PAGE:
How the EU’s Annex IV and other reporting requirements continue to challenge fund managers

23 August 2021
When the EU implemented the Alternative Investment Fund Managers Directive (AIFMD) in 2013, it aimed to protect investors and improve transparency in the wake of 2008’s global financial crisis. At the time, it was one of the most significant pieces of legislation to affect EU fund managers, and it has had a major impact on their reporting and compliance workload.

Central to the AIFMD is Annex IV reporting. Under Annex IV, alternative investment fund managers (AIFMs) must report relevant information to local regulators for each country they market in. This includes the main instruments traded, investment strategies and geographical and sectoral investment focus, to name a few.

Considering that the AIFMD has been in place for many years, it would be logical to assume that AIFMs have had sufficient time to establish reporting processes and are easily meeting the requirements. In reality, many fund managers continue to find Annex IV reporting challenging. There are a number of reasons for this.

First, the sheer volume of reporting for Annex IV can prove difficult. With 246 questions to answer — multiplied by the number of funds a manager has to report on — the size of the task becomes clear. Organising the data, and collating and preparing the reports, takes considerable time and effort.

Smaller AIFMs typically don’t have large or sophisticated finance operations and are particularly burdened by the requirements. The compliance burdens only become more onerous as managers launch new funds.

Second, the AIFMD — like all regulations — is constantly evolving. The European Securities and Markets Authority (ESMA) regularly revises the Directive. Its Q&As were updated in May 2021, for instance, and there are ESG-related changes now underway.

But AIFMD reporting itself is not the only challenge managers face, as the broader regulatory landscape is constantly shifting. New legislation and requirements have come into play and fund managers must be compliant. For example, the EU’s implementation of the Sustainable Financial Disclosure Regulation (SFDR) in March 2021 has sent AIFMs scrambling to comply. And they must fulfil these obligations on top of their existing transparency reporting under the AIFMD.

Technology also continues to evolve. The UK’s Financial Conduct Authority (FCA), for example, replaced the Gabriel system with the RegData platform in 2021. Regular technological changes typically lead to reporting challenges as managers are forced to adapt and ensure their systems are aligned.

Brexit adds another layer of complexity

If all this wasn’t complicated enough, the UK’s departure from the EU threw an additional spanner in the works. Not only did Brexit change the economic picture across Europe, it has directly affected cross-border fund administration between the UK and the EU.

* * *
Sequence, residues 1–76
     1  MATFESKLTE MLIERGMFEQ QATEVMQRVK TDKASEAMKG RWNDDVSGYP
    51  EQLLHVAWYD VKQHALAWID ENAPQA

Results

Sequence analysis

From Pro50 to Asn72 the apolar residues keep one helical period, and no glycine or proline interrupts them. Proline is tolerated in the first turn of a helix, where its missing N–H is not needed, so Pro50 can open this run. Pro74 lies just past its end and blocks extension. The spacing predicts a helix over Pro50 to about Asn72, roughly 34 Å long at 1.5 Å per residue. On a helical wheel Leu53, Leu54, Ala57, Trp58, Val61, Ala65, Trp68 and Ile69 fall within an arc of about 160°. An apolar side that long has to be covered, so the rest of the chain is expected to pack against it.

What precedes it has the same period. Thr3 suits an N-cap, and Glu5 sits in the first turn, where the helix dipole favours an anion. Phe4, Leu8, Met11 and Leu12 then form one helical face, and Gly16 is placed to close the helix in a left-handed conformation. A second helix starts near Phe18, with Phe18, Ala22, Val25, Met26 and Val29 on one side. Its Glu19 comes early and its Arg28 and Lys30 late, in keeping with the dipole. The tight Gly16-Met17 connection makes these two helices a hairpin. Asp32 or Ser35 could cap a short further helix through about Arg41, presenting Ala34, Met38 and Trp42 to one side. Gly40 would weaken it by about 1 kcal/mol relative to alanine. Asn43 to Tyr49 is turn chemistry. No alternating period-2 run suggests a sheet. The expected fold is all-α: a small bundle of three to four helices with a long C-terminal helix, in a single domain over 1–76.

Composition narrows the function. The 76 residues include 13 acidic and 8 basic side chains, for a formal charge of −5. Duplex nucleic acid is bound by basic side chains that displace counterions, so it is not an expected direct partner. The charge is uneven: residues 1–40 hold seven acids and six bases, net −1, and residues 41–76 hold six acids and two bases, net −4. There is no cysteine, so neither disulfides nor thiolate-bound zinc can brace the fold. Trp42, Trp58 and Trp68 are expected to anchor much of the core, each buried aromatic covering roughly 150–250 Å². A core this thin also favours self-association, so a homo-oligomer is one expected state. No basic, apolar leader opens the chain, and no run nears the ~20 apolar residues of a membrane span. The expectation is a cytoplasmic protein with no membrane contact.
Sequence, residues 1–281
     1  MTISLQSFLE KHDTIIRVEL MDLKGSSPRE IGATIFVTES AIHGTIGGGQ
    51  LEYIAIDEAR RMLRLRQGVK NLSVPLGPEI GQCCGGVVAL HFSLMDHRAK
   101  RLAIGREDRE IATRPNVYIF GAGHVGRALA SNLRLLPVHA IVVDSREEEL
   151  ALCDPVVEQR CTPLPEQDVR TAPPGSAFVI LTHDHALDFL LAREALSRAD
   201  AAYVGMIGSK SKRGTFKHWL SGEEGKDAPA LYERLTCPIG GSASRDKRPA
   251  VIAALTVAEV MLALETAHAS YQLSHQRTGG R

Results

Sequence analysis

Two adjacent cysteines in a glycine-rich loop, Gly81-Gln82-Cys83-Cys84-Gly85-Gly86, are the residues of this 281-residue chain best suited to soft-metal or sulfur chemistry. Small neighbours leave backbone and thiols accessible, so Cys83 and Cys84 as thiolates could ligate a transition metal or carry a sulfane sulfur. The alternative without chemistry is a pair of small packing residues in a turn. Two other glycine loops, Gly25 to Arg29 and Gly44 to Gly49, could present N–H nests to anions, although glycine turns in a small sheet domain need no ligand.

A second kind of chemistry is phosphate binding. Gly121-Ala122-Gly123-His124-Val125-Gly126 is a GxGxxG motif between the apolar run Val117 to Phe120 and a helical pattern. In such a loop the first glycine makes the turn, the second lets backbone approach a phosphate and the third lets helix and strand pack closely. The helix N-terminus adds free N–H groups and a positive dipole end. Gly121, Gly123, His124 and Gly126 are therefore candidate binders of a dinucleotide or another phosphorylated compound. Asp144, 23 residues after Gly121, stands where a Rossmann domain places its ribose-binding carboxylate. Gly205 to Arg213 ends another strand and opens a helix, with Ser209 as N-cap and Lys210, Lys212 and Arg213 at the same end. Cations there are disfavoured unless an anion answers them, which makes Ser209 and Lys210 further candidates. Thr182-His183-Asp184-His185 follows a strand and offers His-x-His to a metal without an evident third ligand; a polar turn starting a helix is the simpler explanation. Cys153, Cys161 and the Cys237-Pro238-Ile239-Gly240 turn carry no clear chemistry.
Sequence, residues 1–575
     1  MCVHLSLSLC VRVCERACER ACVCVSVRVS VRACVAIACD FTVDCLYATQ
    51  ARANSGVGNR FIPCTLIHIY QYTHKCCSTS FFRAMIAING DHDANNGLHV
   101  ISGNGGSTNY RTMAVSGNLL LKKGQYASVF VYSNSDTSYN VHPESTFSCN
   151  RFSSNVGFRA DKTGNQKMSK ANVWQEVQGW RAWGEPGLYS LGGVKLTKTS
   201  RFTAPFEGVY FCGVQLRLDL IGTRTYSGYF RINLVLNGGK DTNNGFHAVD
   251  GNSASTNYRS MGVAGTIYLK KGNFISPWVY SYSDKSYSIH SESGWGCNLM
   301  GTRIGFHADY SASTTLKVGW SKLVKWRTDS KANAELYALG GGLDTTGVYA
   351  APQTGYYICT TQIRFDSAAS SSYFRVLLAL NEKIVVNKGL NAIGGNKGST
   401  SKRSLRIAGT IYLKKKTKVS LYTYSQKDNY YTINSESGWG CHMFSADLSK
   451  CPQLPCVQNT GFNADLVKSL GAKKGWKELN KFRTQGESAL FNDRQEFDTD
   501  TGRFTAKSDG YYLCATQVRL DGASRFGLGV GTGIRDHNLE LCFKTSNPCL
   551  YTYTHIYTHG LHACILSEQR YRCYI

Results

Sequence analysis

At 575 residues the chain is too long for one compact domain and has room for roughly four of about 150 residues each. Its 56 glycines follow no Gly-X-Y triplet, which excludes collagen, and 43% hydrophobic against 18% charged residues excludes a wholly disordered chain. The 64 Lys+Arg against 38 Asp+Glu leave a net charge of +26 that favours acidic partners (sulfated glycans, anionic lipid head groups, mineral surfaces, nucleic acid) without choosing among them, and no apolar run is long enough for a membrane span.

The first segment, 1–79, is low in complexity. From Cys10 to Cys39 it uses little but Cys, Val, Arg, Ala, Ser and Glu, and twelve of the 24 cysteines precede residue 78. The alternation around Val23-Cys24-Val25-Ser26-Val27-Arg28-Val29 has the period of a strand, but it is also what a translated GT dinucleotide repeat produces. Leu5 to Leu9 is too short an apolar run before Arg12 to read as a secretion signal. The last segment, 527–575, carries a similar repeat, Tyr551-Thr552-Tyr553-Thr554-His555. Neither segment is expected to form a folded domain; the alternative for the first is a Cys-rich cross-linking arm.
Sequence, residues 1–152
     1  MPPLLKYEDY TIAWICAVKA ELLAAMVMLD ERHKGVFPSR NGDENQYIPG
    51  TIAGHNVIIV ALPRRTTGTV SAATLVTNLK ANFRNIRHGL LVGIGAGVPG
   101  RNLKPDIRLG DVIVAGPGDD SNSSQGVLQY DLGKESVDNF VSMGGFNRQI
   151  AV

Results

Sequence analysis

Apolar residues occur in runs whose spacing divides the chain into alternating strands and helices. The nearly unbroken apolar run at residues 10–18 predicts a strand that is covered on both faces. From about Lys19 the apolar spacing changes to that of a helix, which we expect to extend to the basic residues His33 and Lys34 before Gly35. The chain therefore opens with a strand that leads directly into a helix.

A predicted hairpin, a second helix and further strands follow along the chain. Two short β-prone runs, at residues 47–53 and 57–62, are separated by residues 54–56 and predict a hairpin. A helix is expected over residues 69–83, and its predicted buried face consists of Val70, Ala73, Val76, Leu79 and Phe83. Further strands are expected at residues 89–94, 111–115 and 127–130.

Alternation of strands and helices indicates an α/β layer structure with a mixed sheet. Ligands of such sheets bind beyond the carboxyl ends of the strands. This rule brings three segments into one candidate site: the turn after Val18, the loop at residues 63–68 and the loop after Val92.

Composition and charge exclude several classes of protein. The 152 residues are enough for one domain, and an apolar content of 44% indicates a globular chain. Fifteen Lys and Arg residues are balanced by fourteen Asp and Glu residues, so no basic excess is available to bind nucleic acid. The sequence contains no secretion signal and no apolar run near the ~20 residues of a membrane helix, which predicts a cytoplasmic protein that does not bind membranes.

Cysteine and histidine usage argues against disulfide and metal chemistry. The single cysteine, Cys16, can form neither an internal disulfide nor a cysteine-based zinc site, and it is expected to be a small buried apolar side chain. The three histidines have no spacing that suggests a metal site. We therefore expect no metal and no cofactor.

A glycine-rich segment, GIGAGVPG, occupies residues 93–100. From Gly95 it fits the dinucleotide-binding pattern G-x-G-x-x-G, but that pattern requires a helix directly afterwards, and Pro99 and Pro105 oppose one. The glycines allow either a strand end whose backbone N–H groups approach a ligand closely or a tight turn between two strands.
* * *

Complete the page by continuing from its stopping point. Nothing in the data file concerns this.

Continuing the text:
Cross-border marketing of AIFs — whether by UK AIFMs into the EU or EU AIFMs into the UK — now relies primarily on the use of national private placement regimes (NPPRs). This is particularly challenging for non-EU UK managers who have lost pan-European passporting rights. These managers must now not only register in each location they plan to market, but also manage the different platforms that regulators have in place.

It’s also important to note that it is still early days post-Brexit. Regulators including the FCA may amend their regulations in the months and years ahead. AIFMs operating in the EU or UK — or, indeed, marketing into these regions from outside — must keep up with any changes to reporting requirements to remain compliant.

Navigating the reporting maze

All of the above illustrates the complex, changing nature of EU fund reporting. It’s important to recognise that regulatory reporting does not stand alone in the demands placed on fund managers. Investors are increasingly requesting performance data (often in real-time) in accessible formats which can be sorted and analysed in multiple ways. These demands add to the reporting burdens, and many AIFMs become overstretched as a result.

While managers would rather spend their time launching new funds, deploying capital and achieving favourable returns for their investors, compliance with reporting requirements is not optional. The challenge is how best to manage the required reporting, including Annex IV, in an effective and compliant manner. 

For many, the solution is to work with a third-party provider who can not only keep up with the regulatory changes across jurisdictions but also undertake whichever aspects of reporting and management are deemed necessary by the manager. 

With AIFMs broadly facing the same set of challenges when operating across borders, Annex IV reporting and AIFMD disclosures are arguably the easiest to outsource because, even with any revisions to regulations, the requirements are well-established and third parties have robust processes in place to manage them.

Ultimately, the role third parties play is dependent on each AIFM. Some may want specific services, while others may want a broad suite of services such as fund administration and depositary services. Some may even want providers to act as an intermediary with their lawyers to understand reporting requirements, including frequency.

In the wake of the Covid-19 pandemic, there has been an uptick in global private equity activity. At the start of the pandemic, AIFMs tended to focus on deal closing and related activities, but may now be moving back to balanced activities that include more fundraising. Managers will be looking to market in Europe and the UK owing to the region’s well-established institutional investor base. This will bring regulatory compliance burdens under both the UK’s FCA and the AIFMD.

For AIFMs operating in this space, being on top of regulatory reporting — including Annex IV and RegData reporting — has never been more critical.